Opinion: NBA midseason report card

Michael Moses

Michael Moses

Contact Michael Moses at [email protected].

I don’t know what’s harder to believe — that the NBA season is halfway through or that the Cavaliers just beat the Lakers. In just four months, lots of things have happened on and off the hard court. We’ve seen “The Heatles” take their tour bus throughout the continent, drawing both boos and more bandwagon fans than the Green Bay Packers. We met Blake Griffin and said goodbye to a coaching legend, Jerry Sloan. We cringed after every news alert through the longest losing streak in decades, as the Cleveland Cavaliers dropped 26 straight. We lost Greg Oden (again) to a season-ending injury. Yao Ming, too (surprised?).

As All-Star weekend starts Saturday evening, it’s time to hand out midseason awards.

MVP: Kevin Durant, Oklahoma City Thunder

He stays out of the media and doesn’t join a “super team.” He doesn’t demand trades and he stays in a small market. Yet his 28.9 points per game lead the NBA, not to mention Durant is third in minutes played.

For those reasons, give the man what he finally deserves! If you take KD off of the Thunder — a typical question when discussing MVPs — the team would not be the same.

This argument wouldn’t hold strong for LeBron James, as two of his fellow musketeers would still be in uniform.

Durant is a special talent with the stats to prove it. He’s easily the league’s Most Valuable Player to his team.

Rookie of the Year Not Named Blake Griffin: John Wall, Washington Wizards

The No. 1 overall pick in this draft hasn’t attracted as much attention as Griffin, but Griffin’s spectacular rookie season will go down as one of the best of all time. Wall is seventh in the NBA with 8.9 assists per game. He’s scoring, putting up Jason Kidd-like numbers and, most of all, leading a team as a 20 year old.

The lightning-fast point guard won’t take home the award, but Wall will be adding plenty of hardware in years to come.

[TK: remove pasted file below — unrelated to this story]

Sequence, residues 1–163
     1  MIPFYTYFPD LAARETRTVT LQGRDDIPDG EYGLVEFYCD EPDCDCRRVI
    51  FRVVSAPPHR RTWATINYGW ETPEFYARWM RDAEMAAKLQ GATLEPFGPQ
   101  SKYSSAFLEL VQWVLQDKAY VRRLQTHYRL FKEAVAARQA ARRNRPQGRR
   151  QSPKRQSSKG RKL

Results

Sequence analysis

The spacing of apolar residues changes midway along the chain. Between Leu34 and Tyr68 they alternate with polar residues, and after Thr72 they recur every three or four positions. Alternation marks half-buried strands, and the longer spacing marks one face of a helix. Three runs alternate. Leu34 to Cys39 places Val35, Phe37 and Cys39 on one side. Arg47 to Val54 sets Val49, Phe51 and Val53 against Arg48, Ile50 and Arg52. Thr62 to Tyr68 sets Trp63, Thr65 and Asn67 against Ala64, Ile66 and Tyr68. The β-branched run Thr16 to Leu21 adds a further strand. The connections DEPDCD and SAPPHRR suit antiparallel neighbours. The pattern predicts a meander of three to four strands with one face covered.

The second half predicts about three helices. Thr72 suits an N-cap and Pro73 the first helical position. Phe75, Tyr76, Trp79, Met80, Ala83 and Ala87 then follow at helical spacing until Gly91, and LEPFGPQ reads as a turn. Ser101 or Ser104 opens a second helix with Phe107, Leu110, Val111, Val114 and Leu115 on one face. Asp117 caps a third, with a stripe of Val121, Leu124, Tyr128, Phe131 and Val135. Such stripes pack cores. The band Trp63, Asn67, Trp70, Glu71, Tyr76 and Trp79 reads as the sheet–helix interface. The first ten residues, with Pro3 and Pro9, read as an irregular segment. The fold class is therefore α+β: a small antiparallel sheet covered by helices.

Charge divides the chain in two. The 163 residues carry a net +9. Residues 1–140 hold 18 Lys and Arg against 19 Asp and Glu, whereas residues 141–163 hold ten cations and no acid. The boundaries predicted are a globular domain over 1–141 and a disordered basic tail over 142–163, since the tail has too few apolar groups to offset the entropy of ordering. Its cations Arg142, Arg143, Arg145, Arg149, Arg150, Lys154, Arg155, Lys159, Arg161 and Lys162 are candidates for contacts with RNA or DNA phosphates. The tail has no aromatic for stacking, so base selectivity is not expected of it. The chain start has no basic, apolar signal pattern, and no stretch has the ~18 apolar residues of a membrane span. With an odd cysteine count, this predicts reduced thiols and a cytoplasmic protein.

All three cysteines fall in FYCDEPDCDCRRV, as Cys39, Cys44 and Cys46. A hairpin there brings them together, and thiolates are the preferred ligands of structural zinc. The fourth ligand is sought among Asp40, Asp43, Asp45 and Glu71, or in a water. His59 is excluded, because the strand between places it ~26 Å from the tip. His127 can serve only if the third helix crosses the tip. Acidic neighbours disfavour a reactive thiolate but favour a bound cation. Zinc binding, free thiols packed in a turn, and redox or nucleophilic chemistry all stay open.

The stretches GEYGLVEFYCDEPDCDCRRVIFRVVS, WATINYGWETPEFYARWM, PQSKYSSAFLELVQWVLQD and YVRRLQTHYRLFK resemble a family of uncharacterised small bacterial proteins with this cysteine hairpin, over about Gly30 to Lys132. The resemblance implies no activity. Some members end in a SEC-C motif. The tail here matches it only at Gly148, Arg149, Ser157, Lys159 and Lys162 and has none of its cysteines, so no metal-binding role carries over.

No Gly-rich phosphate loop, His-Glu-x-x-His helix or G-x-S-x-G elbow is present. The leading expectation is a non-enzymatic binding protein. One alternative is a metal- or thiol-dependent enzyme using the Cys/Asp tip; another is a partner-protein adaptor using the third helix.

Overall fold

Most Improved Player: Kevin Love, Minnesota Timberwolves

The man went from averaging a respectable double-double last season to a monster double-double this season. His points are up from 14 to 21.1 per game and rebounds jumped from 11 to 15.5 per game.

The Lovemaster leads the NBA in rebounding by almost two whole rebounds (Dwight Howard is second at 13.8 per game).

The most impressive part about Love this season is his remarkable double-double streak, which includes the NBA’s first 30 point-30 rebound game since Moses Malone in 1982.

As of Thursday, Love has recorded 42 straight double-doubles. His total of 51 before the All-Star break snaps a 61-year-old record held by Hall of Famer George Mikan.


The Cleveland Cavaliers will turn their season around.

Byron Scott’s boys found out they could actually play the game of basketball this past Wednesday night, when they dropped the Los Angeles Lakers. Their record stands at 10-46. With 25 games remaining, they will win 12 of them and finish the season with 22 wins.

Carmelo Anthony will end up in a new jersey that reads New Jersey.

From the minute Nets owner Mikhail Prokhorov ended all trade talks with Denver, I thought it was all a media stunt. He wanted everyone off the organization’s shoulders, wanted to focus on basketball. I knew they would continue to pursue Anthony, though. He’s simply too good to quit on. When the Feb. 24 trade deadline comes around, I’m betting Anthony is on the next flight to Newark.

If the Clippers can somehow get the No. 8 seed in the West, Blake Griffin could make a case for MVP, not just Rookie of the Year.

Think about that. A rookie winning MVP of the league. He would be the third player in history to do so, joining Hall of Famers Wilt Chamberlain and Wes Unseld. It’s not out of reach or crazy to think, either. He’s 12th in the league in scoring and fourth in rebounding. Griffin has led the Clippers to a turnaround season and a chance at a playoff birth. Do the voters look at what the player means to their team, or not? Of course they do. This issue would not be a joke.

The Boston Celtics and San Antonio Spurs will meet in the NBA Finals.

So much for all of the hype in South Beach. Forget the talk of three-peating in Los Angeles. Nobody gave the Celtics or the Spurs a shot at the title, and here we are midway through the season with two teams full of veterans leading the surge. The veteran presence (Tim Duncan, Kevin Garnett) and emerging youth (Rajon Rondo, Dejuan Blair) of these two teams makes for the perfect balance. Boston (40-14) was once known for having the big three, but would be nowhere without their young point guard. The Spurs (46-9) have tons of experience in Duncan (Tony Parker and Manu Ginobili) and have cruised to one of the best starts in NBA history. In the end, head coaches Greg Popovich and Doc Rivers will have the teams everyone is talking about.